This warm and winning, very non-theatrical brunette was born Phyllis St. Felix Thaxter in Portland, Maine, on November 20, 1919. The daughter of Maine Supreme Court Justice Sidney Thaxter, her acting talent came from her mother’s side, who was a one-time Shakespearean actress. Phyllis was educated for a time at St. Genevieve School in Montreal and back at Portland’s Deering High School. She apprenticed in summer stock and had joined the Montreal Reperatory Theatre company by the time she made her Broadway debut at age 17 in “What a Life!” in 1939, the “Henry Aldrich” play. She went on to play a maid and to understudy the leading ingénue in “There Shall Be No Night” (1940), which starred America’s premiere theatrical couple, Alfred Lunt and Lynn Fontanne, then understudied Dorothy McGuire in the hit dramatic play, “Claudia”, later that year. She eventually played the title role both on Broadway and on the road, but lost out on the film role to McGuire.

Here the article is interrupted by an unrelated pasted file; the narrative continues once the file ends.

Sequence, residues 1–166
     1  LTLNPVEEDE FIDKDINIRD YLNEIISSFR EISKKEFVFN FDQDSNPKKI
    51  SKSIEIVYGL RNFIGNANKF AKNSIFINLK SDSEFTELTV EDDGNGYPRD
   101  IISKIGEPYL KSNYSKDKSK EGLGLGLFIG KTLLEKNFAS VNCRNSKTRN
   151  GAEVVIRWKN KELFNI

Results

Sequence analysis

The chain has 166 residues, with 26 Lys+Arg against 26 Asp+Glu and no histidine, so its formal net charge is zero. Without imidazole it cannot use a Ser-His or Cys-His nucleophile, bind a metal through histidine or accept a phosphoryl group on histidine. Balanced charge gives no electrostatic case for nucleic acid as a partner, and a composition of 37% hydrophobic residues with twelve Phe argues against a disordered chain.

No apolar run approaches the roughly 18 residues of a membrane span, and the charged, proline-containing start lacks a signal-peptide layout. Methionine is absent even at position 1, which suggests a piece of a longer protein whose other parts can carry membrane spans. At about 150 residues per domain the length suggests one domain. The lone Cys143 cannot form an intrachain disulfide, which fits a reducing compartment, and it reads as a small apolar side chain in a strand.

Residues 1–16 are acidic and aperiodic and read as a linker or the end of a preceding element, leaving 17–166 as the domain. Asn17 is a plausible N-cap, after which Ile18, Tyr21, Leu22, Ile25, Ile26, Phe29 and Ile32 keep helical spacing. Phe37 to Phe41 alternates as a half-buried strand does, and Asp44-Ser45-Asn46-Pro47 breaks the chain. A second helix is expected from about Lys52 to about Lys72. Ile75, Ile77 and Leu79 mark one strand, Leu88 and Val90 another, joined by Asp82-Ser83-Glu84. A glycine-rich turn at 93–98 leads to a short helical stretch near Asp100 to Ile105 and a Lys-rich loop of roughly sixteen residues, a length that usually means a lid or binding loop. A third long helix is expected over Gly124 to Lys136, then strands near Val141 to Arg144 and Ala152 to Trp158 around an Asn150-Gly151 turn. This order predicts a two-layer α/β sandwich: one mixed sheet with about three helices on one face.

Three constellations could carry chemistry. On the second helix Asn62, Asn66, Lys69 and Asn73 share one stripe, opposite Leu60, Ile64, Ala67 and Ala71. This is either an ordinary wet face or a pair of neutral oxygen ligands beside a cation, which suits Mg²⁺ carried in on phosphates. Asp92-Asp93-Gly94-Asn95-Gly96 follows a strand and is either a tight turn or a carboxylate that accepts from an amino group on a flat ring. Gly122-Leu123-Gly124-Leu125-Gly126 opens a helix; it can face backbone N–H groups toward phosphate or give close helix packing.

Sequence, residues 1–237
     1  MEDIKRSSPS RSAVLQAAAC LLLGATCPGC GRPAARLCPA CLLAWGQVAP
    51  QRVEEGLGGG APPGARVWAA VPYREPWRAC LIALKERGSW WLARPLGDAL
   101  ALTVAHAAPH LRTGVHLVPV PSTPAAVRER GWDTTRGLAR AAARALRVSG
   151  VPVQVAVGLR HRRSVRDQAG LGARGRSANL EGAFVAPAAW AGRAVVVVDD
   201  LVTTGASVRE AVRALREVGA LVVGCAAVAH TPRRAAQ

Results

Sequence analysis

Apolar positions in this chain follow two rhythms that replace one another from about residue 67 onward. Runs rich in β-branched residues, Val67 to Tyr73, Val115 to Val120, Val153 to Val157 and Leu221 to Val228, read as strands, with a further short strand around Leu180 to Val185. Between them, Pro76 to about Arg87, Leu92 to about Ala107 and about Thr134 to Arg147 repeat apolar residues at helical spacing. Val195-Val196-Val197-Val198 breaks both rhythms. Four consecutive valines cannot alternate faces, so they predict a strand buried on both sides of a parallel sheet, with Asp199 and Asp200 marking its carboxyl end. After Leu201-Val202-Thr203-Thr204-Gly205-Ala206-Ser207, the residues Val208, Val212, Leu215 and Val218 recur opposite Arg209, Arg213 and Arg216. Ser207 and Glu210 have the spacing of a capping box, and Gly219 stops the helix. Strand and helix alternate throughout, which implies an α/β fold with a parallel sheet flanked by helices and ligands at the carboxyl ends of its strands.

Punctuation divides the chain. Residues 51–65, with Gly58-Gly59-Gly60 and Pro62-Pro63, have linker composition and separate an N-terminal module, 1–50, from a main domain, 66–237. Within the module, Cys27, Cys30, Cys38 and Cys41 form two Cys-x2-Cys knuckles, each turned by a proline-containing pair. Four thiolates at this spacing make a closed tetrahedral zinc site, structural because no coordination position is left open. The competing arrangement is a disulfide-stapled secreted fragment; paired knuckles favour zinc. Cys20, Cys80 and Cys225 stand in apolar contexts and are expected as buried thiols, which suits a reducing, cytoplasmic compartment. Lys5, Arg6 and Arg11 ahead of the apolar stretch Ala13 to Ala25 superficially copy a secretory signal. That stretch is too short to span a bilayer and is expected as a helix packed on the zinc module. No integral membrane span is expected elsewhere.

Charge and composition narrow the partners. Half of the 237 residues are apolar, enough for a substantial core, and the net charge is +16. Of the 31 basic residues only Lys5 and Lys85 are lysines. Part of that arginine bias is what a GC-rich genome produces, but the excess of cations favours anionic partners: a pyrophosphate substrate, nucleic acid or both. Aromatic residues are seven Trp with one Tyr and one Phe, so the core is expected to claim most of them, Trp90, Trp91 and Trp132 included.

Hollywood films reached her sights a few years later with the MGM war film, Thirty Seconds Over Tokyo (1944), proving quite convincing as Van Johnson’s noble wife. Similar to Margaret Sullavan, June Allyson, Dorothy McGuire and Teresa Wright, Phyllis was depended on as a stabilizing factor in melodramas and war pictures, often the dewy-eyed, altruistic wife, girlfriend or daughter waiting on the home-front. Other important films included the girl with a split personality in Bewitched (1945), and as a angst-ridden, teary-eyed bride-to-be in Week-End at the Waldorf (1945). She was dutifully wholesome as the daughter who reunites Spencer Tracy and Katharine Hepburn in the movie The Sea of Grass (1947) and evoked tears, yet again, as little Margaret O’Brien’s mother in Tenth Avenue Angel (1948). So natural and unglamorous was she that she tended to blend into the woodwork while the flashier actresses often stole the thunder and the notices. Audiences did not always fully appreciate Phyllis’s understated work. She finished out her MGM contract with Act of Violence (1949), ever-faithful to even the bad guy, this time psychotic gangster Robert Ryan. Phyllis moved to Warner Brothers in the 1950s and played more of the same. The ever-patient wife to a slew of top actors including shady boat skipper John Garfield in The Breaking Point (1950), an alcoholic Gig Young in Come Fill the Cup (1951) and law-abiding Gary Cooper in Springfield Rifle (1952), her nascent career at Warners was suddenly curtailed by illness. While visiting her family in Portland, she contracted a form of infantile paralysis. Fortunately, she recovered quickly but the ailment triggered the termination of her contract. Film roles were few and far between after this. Still displaying her built-in compassion and concern, her best-known part came with the touching but relatively minor role of farm wife “Martha Kent” in the highly popular Superman (1978) film series with the late Christopher Reeve as her adopted superhero son and Glenn Ford as her husband. She was also a steady guest star on TV with numerous dramatic appearances including The Twilight Zone (1959), The F.B.I. (1965), Cannon (1971), Medical Center (1969), Barnaby Jones (1973) and several TV movies. Married for nearly two decades to James T. Aubrey (1918-1994), who became president of CBS-TV before taking over MGM, they had three children–including Schuyler, who would become the actress Skye Aubrey. Following the couple’s divorce in 1962, Phyllis married Gilbert Lea, who owned Tower Publishing Company in Portland. They eventually retired to Cumberland, Maine, where she involved herself in civic/community activities and dedicated herself to hospital volunteer work.
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